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Theories of the New Class

Intellectuals and Power

2004
Authors:

Lawrence Peter King and Iván Szelényi

Theories of the New Class

Demonstrates the centrality of thinking about intellectual class formation to social theory

In Theories of the New Class, Iván Szelényi, one of the most incisive and respected analysts of the intellectual class, and Lawrence King put New Class theories into a broad historical framework for the first time.

This book grounds class theories in contemporary issues, and uses modern polemics to revitalize historical debates on the origins of capitalism.

This book invigorates class theories by grounding them in contemporary issues, and revitalizes historical debates on the origins of capitalism with modern polemics.

Barbara Heyns, New York University

Old as the notion of the “New Class” is (the term was coined by anarchist Mikhail Bakunin around 1870), the idea of the ascendancy of an intellectual elite continues to engage, and perplex, social theorists. In Theories of the New Class, Iván Szelényi, one of the most incisive and respected analysts of the intellectual class, and his colleague Lawrence King put New Class theories into a broad historical framework for the first time.

Addressing the intellectual history of Marxism and socialism, theories of the increasing role of the state and technocratic elites in capitalism, and theories of contemporary social change, King and Szelényi’s work clearly links the centrality of thinking about intellectual class formation to a variety of theoretical and political projects that have shaped social theory and influenced political realities over the past century.

King and Szelényi show that the idea of the New Class has stubbornly entered and reentered the agenda of critical social theorizing throughout the last century. Indeed, they interpret that the last century as a history of projects by different groups of the highly educated—factions of intellectuals, bureaucrats, technocrats, managers, and the left-wing humanistic intelligentsia—to gain ultimate power. A rare empirical discussion of theory, Theories of the New Class invigorates class theories by grounding them in contemporary issues; at the same time, it uses modern polemics to revitalize historical debates on the origins of capitalism.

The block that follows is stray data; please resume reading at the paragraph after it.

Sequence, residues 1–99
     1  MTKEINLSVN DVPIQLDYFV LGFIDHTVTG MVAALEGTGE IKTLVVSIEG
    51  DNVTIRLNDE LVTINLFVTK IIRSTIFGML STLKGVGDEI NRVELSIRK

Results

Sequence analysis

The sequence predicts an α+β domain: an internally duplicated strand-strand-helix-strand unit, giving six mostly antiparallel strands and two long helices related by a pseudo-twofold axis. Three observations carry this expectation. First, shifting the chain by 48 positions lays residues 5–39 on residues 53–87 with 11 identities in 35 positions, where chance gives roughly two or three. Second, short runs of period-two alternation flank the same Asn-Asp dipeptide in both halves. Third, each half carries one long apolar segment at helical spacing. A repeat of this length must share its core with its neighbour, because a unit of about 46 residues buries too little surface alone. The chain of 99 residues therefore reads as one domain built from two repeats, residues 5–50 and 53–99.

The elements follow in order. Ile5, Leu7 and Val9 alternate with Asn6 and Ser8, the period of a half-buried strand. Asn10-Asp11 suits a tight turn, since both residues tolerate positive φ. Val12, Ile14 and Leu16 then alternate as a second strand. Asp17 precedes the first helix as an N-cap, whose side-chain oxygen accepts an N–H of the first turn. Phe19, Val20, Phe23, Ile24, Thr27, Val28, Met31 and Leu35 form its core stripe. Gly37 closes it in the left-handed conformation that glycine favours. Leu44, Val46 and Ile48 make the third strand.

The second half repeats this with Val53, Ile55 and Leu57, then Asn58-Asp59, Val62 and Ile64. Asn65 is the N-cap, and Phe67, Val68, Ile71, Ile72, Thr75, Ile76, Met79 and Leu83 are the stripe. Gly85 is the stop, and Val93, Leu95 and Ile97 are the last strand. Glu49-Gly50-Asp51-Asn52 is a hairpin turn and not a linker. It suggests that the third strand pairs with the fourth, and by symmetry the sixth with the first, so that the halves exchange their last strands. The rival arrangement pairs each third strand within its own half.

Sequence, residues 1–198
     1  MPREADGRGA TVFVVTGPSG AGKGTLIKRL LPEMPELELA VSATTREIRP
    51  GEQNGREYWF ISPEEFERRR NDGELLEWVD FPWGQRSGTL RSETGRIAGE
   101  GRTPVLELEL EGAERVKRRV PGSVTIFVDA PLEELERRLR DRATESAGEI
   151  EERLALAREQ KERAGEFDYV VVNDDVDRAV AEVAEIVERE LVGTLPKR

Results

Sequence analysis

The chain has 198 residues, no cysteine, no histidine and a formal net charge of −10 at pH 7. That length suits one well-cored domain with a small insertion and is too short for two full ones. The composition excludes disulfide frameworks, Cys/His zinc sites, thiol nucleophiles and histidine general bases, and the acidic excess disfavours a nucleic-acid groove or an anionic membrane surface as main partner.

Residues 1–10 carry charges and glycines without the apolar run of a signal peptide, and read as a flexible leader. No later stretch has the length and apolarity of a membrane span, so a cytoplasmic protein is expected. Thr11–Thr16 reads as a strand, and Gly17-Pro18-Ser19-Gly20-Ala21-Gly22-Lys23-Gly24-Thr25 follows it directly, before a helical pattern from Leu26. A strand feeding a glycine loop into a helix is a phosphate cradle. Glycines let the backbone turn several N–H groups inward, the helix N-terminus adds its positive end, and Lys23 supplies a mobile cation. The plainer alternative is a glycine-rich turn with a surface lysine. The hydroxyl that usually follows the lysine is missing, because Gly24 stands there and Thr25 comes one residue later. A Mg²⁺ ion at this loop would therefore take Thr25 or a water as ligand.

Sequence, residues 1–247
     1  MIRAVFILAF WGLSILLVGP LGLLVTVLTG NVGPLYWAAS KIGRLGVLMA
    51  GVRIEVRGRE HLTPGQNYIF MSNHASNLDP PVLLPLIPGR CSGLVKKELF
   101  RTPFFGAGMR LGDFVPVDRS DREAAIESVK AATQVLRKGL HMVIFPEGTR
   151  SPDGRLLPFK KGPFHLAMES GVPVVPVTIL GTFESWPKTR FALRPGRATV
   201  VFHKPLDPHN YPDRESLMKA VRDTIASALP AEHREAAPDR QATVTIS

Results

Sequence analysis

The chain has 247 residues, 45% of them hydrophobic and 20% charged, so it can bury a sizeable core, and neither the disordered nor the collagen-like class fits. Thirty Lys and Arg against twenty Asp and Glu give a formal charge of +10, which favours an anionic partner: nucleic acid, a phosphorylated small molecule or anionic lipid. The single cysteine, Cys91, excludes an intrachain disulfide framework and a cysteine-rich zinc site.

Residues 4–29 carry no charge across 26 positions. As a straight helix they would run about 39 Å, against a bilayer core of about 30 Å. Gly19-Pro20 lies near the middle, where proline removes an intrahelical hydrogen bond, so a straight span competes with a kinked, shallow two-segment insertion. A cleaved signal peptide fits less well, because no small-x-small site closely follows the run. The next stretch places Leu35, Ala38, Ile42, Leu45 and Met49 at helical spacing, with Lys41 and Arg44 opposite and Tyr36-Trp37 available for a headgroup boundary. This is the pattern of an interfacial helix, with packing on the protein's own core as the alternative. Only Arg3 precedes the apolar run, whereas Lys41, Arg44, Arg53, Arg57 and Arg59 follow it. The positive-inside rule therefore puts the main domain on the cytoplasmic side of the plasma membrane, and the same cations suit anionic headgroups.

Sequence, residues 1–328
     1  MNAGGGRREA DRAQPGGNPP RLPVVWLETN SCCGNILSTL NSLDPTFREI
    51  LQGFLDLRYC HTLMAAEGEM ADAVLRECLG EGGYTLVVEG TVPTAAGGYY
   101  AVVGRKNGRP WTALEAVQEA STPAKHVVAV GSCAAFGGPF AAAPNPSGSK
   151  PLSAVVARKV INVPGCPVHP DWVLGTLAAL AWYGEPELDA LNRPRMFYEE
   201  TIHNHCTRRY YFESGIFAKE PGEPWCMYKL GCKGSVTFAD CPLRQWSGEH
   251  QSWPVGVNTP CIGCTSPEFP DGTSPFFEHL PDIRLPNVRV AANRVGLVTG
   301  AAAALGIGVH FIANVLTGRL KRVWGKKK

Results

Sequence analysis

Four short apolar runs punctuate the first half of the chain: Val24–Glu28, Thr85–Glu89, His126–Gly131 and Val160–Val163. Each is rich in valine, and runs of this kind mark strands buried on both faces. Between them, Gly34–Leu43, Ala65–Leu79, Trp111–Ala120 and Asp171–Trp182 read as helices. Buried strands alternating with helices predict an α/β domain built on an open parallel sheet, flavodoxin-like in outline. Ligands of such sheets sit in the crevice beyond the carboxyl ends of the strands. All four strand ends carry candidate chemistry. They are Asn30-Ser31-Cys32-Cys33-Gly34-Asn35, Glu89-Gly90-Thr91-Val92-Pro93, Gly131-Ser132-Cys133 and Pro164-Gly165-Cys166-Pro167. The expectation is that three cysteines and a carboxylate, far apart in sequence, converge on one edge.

Theories of the New Class

Lawrence Peter King, associate professor of sociology at Yale University, is the author of The Basic Features of Postcommunist Capitalism (2001).

Iván Szelényi is William Graham Sumner Professor of Sociology and professor of political science at Yale University. He is the author or coauthor of Intellectuals on the Road to Class Power (1979), Urban Social Inequalities (1983), Socialist Entrepreneurs (1988), and Making Capitalism without Capitalists (1998).

Theories of the New Class

This book invigorates class theories by grounding them in contemporary issues, and revitalizes historical debates on the origins of capitalism with modern polemics.

Barbara Heyns, New York University

King and Szelényi go beyond the mere exercise of critical appraisal . . . this is an interesting book, which is certainly recommended for those interested in political sociology and the history of ideas.

Sociology

Theories of the New Class

Contents

Preface

Introduction: Intellectuals and the End of History

1. Proto-Theories of the New Class: Hegel, Saint-Simon, and Marx
2. The Vanguard Project
3. A Bureaucratic Class in Soviet-Type Society
4. Beyond Bureaucratic Power: Humanistic Intellectuals and Technocrats under State Socialism
5. The Fall of the Class Project of the Socialist Reform Intelligentsia
6. Intellectuals under Postcommunism
7. Bourgeois and Post-Marxist Theories of the New Class in the West
8. The Neo-Marxist Response to Bourgeois Theories of the New Class
9. The Limits of the New Class Project in the West

Conclusion: The “Third Way” as the Fourth Wave of New Class Projects?

Notes
Works Cited

Index